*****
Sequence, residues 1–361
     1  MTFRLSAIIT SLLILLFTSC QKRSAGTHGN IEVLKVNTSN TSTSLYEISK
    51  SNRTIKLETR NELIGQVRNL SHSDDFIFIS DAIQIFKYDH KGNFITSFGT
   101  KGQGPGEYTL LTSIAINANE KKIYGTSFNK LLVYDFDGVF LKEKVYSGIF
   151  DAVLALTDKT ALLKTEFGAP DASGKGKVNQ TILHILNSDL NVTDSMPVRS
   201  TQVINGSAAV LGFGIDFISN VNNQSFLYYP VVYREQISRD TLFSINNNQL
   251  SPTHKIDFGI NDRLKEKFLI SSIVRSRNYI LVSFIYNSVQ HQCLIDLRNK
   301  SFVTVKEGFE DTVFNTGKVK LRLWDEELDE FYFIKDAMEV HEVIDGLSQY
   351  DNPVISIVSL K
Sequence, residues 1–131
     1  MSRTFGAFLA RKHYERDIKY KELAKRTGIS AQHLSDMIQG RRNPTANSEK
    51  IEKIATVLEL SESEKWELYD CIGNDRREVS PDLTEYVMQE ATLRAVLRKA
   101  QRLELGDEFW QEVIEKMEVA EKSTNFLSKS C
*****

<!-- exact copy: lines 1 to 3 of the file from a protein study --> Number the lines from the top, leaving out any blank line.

Sequence, residues 1–361
     1  MTFRLSAIIT SLLILLFTSC QKRSAGTHGN IEVLKVNTSN TSTSLYEISK
    51  SNRTIKLETR NELIGQVRNL SHSDDFIFIS DAIQIFKYDH KGNFITSFGT